The eagle-eyed visitor to the islands of the Dodecanese will undoubtedly have gazed upon some of the characteristic historic leftovers of the Italian occupation of the islands – the ceramic tiled murals.
Read Gerald Brisch’s article which exposes hitherto little-known facts about the ceramics industry of Rhodes in the first half of the 20th century, and its leading figure, Egon Huber.
A heart-warming story of a wartime tragedy and the bravery of the people of the village of Diafani in the north of the island of Karpathos.
*** Update June 2022 – “Secret Statement” surfaces ***
The second edition of stories from the people of Olympos and Diafani, in the north of Karpathos, about events and day-to-day life under the occupying Italian and German forces during World War II, as told to Manolis Makris.
On the island of Karpathos, shortly before midday on Monday, April 20th, 1885, a 6000-year-old female figure, hidden under a carpet, carried on the back of a man from Anafi, was smuggled onto a ship in Pigadia harbour, never, to this date, to return to her island home.
This is the story of her kidnap and of how she later travelled the world under her new name of the ‘Karpathos Lady’.
In the winter of 1883-4, the British travellers Theodore and Mabel Bent visited Antiparos to excavate ancient grave sites on the island. Their excavations yielded numerous finds which are now in the British Museum. For well over a century, the location of Theodore’s site remained a mystery. But the answer had always been there, hidden away in the lines of Theodore’s book and Mabel’s chronicles.
In the winter of 1883-4, the British travellers Theodore and Mabel Bent visited Antiparos to excavate ancient grave sites on the island. During his excavations, Theodore took a day off to go fishing. Read his entertaining account of the day, his description of some unconventional fishing techniques and the experiences of his boatman when kidnapped by pirates.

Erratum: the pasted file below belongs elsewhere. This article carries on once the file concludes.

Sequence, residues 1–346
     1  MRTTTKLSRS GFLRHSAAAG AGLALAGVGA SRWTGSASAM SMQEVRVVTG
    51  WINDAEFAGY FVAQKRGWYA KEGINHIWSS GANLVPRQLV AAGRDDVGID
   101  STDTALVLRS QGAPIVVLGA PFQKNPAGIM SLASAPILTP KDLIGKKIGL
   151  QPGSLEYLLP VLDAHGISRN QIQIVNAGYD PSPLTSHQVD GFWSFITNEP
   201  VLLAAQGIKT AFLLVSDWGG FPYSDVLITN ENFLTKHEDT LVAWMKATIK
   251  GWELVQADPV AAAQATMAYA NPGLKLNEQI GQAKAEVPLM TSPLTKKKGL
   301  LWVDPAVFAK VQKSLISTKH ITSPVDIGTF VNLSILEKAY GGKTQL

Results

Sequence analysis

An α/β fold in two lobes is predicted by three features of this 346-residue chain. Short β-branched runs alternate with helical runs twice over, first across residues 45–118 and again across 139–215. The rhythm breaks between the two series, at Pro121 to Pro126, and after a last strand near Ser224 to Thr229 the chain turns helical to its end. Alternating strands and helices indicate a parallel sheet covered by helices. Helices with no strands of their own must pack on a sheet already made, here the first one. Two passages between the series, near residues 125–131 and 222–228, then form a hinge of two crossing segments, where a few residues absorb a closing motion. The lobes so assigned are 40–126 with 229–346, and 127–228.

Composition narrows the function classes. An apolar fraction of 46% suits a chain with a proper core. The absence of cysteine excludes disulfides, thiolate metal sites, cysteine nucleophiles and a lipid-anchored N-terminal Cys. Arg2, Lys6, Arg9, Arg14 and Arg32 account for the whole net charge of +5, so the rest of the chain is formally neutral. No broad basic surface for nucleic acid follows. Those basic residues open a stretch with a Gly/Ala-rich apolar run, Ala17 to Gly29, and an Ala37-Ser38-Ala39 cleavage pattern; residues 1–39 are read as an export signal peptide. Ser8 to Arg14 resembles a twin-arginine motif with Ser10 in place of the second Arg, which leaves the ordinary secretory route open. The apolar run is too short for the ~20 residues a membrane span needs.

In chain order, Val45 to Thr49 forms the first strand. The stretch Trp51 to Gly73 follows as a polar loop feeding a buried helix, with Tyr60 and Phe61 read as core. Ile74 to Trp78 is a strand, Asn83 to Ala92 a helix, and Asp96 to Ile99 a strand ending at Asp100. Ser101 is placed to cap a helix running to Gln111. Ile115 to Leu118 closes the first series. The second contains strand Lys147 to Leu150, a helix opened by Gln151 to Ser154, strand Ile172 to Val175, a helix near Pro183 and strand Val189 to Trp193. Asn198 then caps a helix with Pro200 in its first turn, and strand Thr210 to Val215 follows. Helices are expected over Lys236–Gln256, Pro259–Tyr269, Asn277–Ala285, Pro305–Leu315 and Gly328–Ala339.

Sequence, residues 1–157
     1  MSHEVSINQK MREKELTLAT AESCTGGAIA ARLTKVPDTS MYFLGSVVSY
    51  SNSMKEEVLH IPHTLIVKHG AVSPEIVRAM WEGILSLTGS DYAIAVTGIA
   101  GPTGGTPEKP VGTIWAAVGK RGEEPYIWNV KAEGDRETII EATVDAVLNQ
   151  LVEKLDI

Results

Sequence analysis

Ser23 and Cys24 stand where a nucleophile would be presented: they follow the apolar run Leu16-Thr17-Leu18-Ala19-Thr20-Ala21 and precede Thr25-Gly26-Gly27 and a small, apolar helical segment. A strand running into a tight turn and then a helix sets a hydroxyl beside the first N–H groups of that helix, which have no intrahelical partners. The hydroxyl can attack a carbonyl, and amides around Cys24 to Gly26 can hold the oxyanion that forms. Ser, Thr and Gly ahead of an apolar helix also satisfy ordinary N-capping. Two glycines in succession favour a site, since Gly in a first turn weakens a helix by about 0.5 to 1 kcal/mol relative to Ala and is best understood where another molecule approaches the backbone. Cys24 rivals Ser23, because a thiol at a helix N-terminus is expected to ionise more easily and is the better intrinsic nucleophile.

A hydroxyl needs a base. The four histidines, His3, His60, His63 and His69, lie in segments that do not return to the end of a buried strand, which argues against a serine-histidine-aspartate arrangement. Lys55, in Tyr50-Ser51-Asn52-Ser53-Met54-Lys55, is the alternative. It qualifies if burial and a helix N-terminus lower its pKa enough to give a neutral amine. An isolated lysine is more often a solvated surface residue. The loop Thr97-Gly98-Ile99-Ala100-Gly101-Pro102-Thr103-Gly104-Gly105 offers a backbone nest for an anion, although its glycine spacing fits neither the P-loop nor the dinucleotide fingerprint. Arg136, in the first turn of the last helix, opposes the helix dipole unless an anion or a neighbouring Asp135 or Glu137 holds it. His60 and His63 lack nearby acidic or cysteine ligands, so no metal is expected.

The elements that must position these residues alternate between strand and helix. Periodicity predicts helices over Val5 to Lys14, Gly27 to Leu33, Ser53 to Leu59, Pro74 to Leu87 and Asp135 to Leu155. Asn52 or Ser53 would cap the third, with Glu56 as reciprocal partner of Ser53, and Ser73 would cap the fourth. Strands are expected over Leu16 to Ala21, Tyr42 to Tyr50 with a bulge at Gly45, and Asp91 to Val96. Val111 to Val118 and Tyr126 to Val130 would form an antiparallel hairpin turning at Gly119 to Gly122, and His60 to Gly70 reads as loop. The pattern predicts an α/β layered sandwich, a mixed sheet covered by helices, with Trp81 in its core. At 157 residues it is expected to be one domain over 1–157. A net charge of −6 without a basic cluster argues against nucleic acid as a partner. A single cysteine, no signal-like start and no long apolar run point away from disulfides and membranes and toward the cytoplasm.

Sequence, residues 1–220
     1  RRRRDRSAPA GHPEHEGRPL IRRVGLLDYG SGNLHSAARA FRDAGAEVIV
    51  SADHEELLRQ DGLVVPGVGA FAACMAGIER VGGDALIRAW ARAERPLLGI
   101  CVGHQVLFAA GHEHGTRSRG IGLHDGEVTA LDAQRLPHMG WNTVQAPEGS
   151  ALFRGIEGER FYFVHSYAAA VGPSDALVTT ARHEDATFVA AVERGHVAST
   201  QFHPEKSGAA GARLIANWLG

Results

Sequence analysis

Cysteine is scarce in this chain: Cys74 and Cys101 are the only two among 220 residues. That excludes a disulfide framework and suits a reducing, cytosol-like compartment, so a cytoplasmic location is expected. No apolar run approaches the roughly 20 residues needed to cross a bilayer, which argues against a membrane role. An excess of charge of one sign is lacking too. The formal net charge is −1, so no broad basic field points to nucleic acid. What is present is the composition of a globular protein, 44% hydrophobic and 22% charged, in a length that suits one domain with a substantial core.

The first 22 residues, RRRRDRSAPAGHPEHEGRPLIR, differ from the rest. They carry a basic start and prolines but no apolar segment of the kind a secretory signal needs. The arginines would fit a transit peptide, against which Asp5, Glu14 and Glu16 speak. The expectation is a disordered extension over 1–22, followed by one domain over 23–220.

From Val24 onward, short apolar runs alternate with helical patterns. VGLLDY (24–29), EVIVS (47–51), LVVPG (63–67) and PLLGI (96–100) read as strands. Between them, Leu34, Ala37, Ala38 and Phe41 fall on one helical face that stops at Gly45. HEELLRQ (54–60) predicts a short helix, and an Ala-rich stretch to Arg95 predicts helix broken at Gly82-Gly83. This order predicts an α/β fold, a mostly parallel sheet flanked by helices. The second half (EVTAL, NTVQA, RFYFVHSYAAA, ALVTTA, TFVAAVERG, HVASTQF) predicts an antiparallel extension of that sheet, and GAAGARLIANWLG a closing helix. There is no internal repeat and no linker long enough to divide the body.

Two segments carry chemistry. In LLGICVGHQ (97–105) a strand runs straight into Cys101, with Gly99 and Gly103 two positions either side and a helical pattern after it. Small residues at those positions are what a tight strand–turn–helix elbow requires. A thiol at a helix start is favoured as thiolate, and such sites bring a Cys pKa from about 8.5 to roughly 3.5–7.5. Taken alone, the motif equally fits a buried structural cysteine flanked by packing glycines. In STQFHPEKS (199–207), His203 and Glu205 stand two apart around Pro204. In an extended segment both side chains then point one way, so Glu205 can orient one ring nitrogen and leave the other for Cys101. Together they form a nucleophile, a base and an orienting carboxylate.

In 1885, the British travellers Theodore and Mabel Bent visited Karpathos. In an adventure-packed stay, after almost being shipwrecked, they travelled throughout the island, befriended the Turkish governor, became involved in a murder plot and joined in the traditional Easter celebrations in the mountains of the north of the island. This ebook describes their visit and presents a unique record of Karpathiote life, customs and beliefs, undocumented by any other travellers at that time.
Easter is always an extra special time throughout Greece but, for 2020, celebrations have been necessarily more subdued and visitors have been unable to travel to join in the celebrations. Watch the YouTube video of the Easter celebrations at the church of Agios Georgios in Katapola, Amorgos on Saturday April 30th and Sunday May 1st 2016.
The true story of an aristocratic British archaeologist and his profound love for the Greek goddess he encountered on the remote Greek island of Kalymnos.
In March 1886, the intrepid British travellers Theodore and Mabel Bent visited and wrote about Astypalea. Their writings represent a unique record of Astypalean life, customs and beliefs at a time when the island was still under the control of the Turkish Ottoman empire and normal life was developing after the scourge of the piracy of previous centuries.
The idyllic beach at Kera Panagia is said by many to be the most attractive on Karpathos, with its crystal-clear waters and the beautiful church of the Panagia perched on the heights above. But how many visitors know the legend of the origins of the church and the tragic story of the hermit monk, Vasilis, who looked after it?
The wartime story of a saintly Monk, a German Commander and the saving of the lives of 125 men from the firing squad on the island of Paros.
A video of the ceremony held in Fry, Kassos on June 6th and 7th, 2019, in memory of the 1824 Kassos Massacre.
A story about the British Cemetery on the island of Syros, its role in the British Empire, the Great War, its links to three English authors and a grisly discovery on the island of Amorgos.
A video exploring the sabouna, or Greek bagpipe, and one Englishman’s love/hate relationship with the instrument.
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Happy viewing – we’re sure you’ll find the tales interesting.